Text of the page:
Amsterdam, a frontrunner in stimulating the use of electric cars, is capitalising on the large datasets from its public charging points to influence policy decisions.
Data analysis is enabling the efficient roll-out of its charging infrastructure and progress towards its goal of being an emission-free city by 2025.
Amsterdam has taken an active role in encouraging electromobility since 2009, prompted by a desire for cleaner air and to remain an attractive city to live, work and visit. Having established 1,500 charging points serving 5,000 users a month, the city was keen to maintain this momentum. The council saw that the infrastructure itself must not be a limitation for those wanting to drive electric cars.
As part of their contract with the municipality, charging infrastructure providers were already recording information about the use of the charging points. As a result, the city had access to an unprecedented volume of real time charging session datasets - over 30,000 a month. Previously only used to evaluate progress in charged energy, these unique datasets include a range of usage parameters which enable much deeper analysis.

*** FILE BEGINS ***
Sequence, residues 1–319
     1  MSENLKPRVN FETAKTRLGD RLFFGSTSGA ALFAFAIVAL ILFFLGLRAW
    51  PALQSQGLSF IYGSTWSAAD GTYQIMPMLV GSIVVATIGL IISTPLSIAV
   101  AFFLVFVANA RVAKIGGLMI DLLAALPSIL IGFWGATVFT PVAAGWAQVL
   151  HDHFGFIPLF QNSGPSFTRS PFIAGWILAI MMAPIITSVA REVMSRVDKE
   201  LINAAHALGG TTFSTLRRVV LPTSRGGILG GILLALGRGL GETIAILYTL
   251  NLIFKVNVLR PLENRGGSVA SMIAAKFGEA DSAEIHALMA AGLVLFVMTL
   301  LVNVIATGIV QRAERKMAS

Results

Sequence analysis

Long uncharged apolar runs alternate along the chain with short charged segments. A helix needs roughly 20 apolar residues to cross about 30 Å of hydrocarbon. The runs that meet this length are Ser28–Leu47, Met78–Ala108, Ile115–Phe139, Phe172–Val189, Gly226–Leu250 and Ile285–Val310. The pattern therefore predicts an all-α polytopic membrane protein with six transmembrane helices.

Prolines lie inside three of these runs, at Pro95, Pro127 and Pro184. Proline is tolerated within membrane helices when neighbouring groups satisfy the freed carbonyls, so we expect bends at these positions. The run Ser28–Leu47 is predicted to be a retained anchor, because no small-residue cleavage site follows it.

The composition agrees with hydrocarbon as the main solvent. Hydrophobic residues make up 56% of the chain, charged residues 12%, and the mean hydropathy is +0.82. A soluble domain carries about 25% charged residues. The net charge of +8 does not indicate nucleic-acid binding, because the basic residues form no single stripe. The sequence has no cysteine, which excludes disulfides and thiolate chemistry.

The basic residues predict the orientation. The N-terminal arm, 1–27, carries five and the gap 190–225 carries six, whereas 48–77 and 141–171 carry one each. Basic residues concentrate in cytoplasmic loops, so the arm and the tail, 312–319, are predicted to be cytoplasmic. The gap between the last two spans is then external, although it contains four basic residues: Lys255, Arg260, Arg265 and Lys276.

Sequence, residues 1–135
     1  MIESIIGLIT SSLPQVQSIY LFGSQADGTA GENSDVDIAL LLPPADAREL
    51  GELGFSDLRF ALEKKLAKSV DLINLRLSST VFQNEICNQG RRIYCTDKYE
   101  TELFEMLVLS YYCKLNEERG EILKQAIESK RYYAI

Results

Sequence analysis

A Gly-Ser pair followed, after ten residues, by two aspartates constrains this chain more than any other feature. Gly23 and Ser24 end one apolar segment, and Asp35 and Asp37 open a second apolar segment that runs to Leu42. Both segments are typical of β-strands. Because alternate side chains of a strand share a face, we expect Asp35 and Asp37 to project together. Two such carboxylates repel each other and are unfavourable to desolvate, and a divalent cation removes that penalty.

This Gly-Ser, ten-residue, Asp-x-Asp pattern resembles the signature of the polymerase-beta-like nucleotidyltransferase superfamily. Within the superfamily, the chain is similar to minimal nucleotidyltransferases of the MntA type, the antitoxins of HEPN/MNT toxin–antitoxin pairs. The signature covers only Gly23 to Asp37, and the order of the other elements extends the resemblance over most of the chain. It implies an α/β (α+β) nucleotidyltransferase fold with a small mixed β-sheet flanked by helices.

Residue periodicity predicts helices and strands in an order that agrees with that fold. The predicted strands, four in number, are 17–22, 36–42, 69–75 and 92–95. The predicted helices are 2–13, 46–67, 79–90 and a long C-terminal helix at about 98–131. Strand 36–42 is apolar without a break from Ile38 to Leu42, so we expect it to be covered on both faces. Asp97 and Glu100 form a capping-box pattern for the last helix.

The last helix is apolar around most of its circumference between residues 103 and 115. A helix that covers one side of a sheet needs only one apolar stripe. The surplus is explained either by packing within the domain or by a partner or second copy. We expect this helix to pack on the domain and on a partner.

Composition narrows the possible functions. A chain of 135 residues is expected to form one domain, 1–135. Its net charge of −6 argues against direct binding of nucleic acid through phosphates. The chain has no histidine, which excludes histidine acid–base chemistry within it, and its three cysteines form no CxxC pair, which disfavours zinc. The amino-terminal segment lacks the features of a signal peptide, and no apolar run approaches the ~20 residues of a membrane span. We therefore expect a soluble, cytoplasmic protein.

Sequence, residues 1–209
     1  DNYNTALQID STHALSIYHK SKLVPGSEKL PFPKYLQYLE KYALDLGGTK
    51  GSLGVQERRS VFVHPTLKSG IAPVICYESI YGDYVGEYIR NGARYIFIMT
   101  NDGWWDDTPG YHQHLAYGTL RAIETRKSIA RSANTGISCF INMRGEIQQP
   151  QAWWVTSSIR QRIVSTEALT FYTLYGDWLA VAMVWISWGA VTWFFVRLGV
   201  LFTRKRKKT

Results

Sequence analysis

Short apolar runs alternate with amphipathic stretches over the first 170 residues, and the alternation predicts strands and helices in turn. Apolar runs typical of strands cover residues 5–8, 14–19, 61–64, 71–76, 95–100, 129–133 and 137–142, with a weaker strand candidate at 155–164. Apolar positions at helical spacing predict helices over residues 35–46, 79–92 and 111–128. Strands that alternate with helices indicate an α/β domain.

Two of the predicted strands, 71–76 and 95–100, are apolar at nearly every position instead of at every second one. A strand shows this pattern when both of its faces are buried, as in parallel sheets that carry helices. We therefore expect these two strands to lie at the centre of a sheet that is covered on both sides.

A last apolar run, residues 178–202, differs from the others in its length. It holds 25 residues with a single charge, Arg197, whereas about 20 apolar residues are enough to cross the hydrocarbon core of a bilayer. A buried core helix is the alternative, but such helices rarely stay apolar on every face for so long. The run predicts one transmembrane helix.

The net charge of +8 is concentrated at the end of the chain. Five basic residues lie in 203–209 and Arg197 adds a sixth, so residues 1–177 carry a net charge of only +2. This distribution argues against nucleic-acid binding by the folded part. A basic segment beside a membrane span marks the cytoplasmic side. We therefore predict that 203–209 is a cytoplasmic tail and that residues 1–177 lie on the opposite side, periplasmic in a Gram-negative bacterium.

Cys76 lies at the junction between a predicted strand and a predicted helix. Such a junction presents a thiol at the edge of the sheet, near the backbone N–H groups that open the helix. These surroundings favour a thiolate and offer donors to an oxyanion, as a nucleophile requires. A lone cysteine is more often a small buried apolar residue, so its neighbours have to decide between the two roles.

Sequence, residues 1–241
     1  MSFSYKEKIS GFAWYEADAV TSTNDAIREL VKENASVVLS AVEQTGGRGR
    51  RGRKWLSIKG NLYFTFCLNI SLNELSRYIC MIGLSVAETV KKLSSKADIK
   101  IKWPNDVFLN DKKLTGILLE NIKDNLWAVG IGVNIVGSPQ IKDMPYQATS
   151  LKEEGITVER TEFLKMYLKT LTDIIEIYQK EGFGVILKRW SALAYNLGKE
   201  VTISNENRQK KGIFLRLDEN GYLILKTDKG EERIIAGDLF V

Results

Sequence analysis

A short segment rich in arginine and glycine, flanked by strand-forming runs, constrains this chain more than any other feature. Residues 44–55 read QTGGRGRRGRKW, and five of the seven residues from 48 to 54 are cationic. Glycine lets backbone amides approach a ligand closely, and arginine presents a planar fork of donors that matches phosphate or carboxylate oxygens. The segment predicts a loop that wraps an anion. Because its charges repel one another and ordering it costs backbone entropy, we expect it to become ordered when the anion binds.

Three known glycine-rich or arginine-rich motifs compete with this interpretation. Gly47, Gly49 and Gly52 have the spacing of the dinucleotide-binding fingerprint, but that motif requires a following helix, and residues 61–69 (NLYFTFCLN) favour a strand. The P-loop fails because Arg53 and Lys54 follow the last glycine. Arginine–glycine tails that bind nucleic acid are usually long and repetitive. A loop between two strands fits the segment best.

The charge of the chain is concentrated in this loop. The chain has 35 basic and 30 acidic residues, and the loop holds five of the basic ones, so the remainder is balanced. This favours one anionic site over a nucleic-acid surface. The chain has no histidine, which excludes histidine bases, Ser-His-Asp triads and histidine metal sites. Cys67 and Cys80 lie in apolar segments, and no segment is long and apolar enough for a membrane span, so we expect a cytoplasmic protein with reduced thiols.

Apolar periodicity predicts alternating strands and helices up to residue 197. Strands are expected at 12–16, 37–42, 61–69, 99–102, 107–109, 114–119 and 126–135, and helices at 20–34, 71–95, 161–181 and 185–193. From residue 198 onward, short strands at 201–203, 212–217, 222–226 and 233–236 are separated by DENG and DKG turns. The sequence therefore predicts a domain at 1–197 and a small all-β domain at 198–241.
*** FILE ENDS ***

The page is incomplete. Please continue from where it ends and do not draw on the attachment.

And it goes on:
Working closely with the city, the University of Applied Sciences in Amsterdam began a self-funded research project using data from the charging network to deepen knowledge about the infrastructure and how it is used. Starting in 2012, the dataset now consists of around 710,000 records of charging sessions.
The data also shows capacity use, charge use and amount of electricity charged, all of which are helpful in making decisions. The latter helps energy companies evaluate the business case and the city estimate the amount of emission-free kilometres enabled by the infrastructure. The results are also being used to communicate with citizens and gain greater acceptance of electric mobility, as well as to respond to specific questions from residents about the infrastructure in their street.
Learn more in our latest ‘cities in action’ case study. Find out more at the link provided.